Critique 149: The association of alcohol consumption with the risk of death from colorectal cancer – 28 October 2014 Data from prospective cohort studies on the association between alcohol consumption and the occurrence of colorectal cancer (CRC) are conflicting, with some suggesting an increase in risk while others failing to show such an effect. There are little data on the effects of alcohol consumption on the risk of mortality from CRC. The present study is based on a meta-analysis of data from nine cohort studies (with a total of more than two million subjects) to judge how the level of alcohol intake relates to CRC mortality. A total of almost 4,000 deaths from CRC were recorded. The conclusions of the authors are that the consumption of ≥ 50 grams of alcohol (about 4 typical drinks or more) per day increases the risk of death from CRC modestly [RR 1.21 (95% CI 1.01, 1.46)], but “light” drinking (≤ 12.5 g/day) or “moderate” drinking (12.6-49.9 g/day) do not increase the risk of CRC death. In fact, they state that their data support a “J-shaped” relation between alcohol intake and CRC mortality (i.e., a slight decrease in mortality associated with light drinking but an increased risk with heavier drinking). Forum members considered this to be a well-done analysis. They noted the inability of the authors to evaluate differences in effect according to type of beverage consumed, the pattern of drinking, or the underlying folate levels of subject, all of which probably modify such a relation. The results are in line with earlier reports on alcohol and breast cancer, where alcohol appears to increase the incidence of the disease but does not increase mortality. For most diseases, including colorectal cancer, there may a J-shaped effect on mortality: a reduction in risk for light-to-moderate drinking but an increase with heavier drinking. Overall, the present meta-analysis supports a finding of increased risk of death from colorectal cancer from heavy drinking. However, it shows rather convincingly that light to moderate amounts of alcohol do not increase the risk of death from this disease, probably because of the protective effects of moderate drinking on cardiovascular disease, a more common cause of mortality.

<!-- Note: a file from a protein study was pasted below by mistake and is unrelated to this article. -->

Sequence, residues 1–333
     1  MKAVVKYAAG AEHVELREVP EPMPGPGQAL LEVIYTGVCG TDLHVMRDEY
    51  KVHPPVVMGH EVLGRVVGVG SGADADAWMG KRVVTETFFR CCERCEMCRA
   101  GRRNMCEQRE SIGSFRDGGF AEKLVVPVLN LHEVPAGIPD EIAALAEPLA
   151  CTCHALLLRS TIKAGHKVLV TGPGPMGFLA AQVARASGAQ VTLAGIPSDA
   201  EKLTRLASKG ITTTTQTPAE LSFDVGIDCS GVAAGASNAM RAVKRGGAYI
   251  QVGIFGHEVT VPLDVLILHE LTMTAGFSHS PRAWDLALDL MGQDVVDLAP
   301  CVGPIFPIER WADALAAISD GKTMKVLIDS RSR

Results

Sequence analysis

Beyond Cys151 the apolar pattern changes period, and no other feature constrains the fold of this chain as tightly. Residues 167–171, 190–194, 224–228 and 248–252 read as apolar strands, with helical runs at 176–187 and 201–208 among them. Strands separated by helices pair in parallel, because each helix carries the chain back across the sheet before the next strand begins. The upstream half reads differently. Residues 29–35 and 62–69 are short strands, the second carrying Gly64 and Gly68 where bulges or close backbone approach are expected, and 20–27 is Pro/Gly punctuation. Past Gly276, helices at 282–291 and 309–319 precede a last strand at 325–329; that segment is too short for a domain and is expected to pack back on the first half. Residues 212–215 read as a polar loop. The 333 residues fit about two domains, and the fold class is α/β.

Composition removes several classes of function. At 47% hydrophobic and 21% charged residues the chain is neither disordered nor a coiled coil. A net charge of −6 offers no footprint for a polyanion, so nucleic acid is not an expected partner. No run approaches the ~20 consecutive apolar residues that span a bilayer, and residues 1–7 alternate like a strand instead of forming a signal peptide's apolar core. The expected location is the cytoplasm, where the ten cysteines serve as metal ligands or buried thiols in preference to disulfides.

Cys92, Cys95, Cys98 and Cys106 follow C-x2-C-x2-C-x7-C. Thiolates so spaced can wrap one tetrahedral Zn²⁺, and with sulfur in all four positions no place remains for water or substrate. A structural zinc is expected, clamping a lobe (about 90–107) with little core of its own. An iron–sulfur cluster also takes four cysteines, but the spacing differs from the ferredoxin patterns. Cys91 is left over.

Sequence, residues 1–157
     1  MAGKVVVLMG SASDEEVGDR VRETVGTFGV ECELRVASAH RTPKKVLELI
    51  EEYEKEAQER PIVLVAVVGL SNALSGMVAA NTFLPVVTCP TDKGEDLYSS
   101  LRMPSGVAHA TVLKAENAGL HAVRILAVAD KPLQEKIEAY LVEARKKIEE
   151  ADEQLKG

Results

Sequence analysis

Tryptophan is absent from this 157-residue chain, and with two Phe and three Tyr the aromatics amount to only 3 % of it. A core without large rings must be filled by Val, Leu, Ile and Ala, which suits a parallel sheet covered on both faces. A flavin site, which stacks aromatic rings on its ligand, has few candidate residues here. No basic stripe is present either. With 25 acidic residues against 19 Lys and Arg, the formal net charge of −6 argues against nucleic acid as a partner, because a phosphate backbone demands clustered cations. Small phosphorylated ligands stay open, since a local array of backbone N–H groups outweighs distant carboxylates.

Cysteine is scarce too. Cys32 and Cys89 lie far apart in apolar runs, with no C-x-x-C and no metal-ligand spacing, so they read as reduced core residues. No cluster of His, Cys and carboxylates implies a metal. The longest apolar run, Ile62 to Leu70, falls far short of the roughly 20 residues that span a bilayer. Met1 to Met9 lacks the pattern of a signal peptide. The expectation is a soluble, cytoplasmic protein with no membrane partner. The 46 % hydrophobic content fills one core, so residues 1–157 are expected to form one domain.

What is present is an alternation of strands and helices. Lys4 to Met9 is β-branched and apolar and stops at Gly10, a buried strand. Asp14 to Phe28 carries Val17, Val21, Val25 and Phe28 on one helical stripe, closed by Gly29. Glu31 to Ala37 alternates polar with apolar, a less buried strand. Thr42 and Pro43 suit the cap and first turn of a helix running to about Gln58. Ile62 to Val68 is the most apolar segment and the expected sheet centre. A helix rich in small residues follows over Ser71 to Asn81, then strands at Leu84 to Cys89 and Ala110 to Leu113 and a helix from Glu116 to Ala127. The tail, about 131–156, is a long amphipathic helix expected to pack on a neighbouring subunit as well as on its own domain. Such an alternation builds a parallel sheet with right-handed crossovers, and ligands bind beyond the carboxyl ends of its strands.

Reference: Cai S, Li Y, Ding Y, Chen K, Jin M. Alcohol drinking and the risk of colorectal cancer death: a meta-analysis. European Journal of Cancer Prevention 2014;23:532–539.